Motion pictures have the potential to transform cultural memory into a cathartic journey. Deniz Gamze Ergüven’s 2015 film Mustang keeps this promise. This dark parable on trauma and self-overcoming has won the César awards for Best Original Screenplay, Best Editing, Best Original Music, and Best First Feature Film. With its cinematic rewriting of classical tropes from the French fairytale Bluebeard in rural Turkey, the film raises the issues of women’s rights, faith, identity, family, and trauma on the screen.
Perhaps post-traumatic stress is an area of study whose liminality between neurological and cultural memory can play a part in fostering an aesthetic estrangement from othering ideologies – a critical re-engagement with a piece of the French/European self in its non-Christian neighbour. Everyday radical thinking and the social reinvestment in interfaith understanding give rise to multiple lieux de mémoire beyond established definitions of identity and belonging. This rebuilding of cultural memory is represented by neuroplasticity in political, literary, and filmic discussions of racism and sexism, in which learned fears and cultural traumas/nostalgias give way to a rewiring of perceptions and experiences. Such neuroscientists as Eric Kandel, Vilayanur Ramachandran, and Norman Doidge have found evidence of the key function played by the so-called neuroplastic rewiring of memory and learning for the brain’s activity. In such cases as the treatment of obsessive compulsive disorder, learned fears stored in the brain’s cingulate gyrus and reflected in the orbitofrontal cortex are unlearned by activating the gearshift supplied in the brain’s caudate nucleus. In this and other instances, new neuronal networks replace old ones thanks to the neuroplastic property of neurons and synapses processing information.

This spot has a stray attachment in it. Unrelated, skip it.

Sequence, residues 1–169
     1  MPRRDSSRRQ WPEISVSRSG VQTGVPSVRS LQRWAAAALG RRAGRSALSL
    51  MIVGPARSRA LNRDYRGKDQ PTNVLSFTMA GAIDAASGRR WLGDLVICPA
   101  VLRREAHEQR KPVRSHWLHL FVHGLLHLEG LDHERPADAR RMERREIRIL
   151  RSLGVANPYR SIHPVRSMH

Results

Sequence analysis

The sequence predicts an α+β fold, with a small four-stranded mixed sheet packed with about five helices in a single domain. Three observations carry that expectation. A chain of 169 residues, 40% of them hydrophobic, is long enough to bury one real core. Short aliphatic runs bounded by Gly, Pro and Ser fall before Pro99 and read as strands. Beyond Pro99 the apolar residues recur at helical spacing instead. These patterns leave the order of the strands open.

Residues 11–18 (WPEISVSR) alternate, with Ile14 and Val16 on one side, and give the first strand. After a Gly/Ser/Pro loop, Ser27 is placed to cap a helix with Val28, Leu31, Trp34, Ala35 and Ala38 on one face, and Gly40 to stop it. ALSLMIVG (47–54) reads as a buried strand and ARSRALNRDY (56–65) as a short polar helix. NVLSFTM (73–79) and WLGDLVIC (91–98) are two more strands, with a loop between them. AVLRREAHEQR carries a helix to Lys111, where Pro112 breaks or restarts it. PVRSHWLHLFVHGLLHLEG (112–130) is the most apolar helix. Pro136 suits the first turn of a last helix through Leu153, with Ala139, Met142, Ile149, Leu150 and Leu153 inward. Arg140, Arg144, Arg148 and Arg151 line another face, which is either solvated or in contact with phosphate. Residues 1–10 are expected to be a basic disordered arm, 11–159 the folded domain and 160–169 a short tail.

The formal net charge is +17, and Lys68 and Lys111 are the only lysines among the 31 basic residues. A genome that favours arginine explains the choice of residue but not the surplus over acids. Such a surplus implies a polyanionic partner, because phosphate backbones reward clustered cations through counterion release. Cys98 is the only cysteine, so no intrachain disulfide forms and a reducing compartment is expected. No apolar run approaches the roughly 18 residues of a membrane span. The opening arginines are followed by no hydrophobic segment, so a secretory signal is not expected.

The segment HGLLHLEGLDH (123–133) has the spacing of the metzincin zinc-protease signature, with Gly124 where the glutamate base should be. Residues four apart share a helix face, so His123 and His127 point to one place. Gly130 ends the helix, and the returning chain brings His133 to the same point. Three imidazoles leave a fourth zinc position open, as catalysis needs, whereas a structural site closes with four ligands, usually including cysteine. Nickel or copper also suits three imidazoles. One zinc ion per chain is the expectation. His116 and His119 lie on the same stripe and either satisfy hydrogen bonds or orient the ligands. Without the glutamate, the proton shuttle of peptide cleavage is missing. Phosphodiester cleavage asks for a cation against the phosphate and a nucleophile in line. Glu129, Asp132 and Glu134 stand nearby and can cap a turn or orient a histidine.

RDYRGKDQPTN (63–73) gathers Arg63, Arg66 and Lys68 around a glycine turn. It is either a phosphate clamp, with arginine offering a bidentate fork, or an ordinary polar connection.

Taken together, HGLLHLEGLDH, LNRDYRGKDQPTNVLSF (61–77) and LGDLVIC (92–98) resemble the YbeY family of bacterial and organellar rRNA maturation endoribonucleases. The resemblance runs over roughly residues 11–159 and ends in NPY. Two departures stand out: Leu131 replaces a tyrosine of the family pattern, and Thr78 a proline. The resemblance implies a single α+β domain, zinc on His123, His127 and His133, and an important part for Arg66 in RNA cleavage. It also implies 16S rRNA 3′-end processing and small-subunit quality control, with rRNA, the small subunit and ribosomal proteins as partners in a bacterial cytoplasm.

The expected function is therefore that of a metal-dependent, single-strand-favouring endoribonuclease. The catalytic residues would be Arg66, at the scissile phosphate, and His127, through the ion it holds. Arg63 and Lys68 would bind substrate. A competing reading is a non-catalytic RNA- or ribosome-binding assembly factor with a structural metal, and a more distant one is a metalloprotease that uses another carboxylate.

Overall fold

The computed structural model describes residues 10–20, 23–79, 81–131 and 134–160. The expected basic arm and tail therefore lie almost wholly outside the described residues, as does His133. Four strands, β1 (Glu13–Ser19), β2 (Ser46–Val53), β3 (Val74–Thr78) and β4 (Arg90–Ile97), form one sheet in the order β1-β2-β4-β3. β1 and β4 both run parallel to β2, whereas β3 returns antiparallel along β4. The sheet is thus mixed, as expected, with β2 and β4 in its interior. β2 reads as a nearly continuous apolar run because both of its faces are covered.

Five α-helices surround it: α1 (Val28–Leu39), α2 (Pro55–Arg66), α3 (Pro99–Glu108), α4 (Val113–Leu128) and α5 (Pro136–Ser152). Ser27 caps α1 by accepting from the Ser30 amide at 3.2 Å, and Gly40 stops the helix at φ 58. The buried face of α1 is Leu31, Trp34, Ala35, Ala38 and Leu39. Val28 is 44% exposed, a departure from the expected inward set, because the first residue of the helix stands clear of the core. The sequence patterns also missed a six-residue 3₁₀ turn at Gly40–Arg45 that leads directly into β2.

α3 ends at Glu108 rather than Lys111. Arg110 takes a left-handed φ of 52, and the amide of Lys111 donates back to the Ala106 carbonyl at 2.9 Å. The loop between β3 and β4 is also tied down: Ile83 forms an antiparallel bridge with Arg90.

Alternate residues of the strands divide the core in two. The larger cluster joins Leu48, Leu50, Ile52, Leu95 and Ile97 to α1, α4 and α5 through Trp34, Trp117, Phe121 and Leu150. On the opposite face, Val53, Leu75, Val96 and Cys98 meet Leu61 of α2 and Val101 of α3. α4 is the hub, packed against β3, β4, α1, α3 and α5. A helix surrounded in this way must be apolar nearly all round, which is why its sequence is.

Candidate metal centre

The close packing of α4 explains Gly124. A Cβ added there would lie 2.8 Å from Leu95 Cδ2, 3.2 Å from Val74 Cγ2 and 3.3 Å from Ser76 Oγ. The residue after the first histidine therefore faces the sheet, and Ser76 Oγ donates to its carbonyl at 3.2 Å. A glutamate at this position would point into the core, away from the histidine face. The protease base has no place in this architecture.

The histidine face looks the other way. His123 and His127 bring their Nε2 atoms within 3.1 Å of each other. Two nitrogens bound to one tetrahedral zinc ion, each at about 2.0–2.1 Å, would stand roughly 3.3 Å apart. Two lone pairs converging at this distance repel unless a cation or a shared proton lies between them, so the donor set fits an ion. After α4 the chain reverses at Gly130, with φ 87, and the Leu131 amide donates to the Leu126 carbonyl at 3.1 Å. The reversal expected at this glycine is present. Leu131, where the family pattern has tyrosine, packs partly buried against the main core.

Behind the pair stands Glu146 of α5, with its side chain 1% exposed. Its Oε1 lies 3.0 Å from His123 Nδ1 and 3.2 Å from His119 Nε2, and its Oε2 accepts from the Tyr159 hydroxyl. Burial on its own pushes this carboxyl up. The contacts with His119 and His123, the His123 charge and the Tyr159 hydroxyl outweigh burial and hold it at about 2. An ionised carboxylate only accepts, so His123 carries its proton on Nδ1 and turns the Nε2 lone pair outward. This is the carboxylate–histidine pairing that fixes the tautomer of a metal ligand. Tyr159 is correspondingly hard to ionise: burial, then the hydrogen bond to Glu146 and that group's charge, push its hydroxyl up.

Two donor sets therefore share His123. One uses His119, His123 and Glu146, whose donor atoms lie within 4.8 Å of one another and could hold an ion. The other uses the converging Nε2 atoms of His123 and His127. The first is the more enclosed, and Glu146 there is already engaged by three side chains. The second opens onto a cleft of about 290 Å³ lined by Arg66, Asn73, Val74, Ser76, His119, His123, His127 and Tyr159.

We’ll be looking at neurological and intertextual memory on 23 March, and (with the Cassal-Staunton Trust’s generous support) at French-Turkish-Muslim exchanges in Senate House on 11 March. From Muslims in French banlieue cultural memory and in medieval chronicles of the crusades to Barbe-bleue-like visions of trauma vs. belonging in the film Mustang, our discussion will span several centuries of French/European relations with Turkey and Islam. The film screening will crown the day.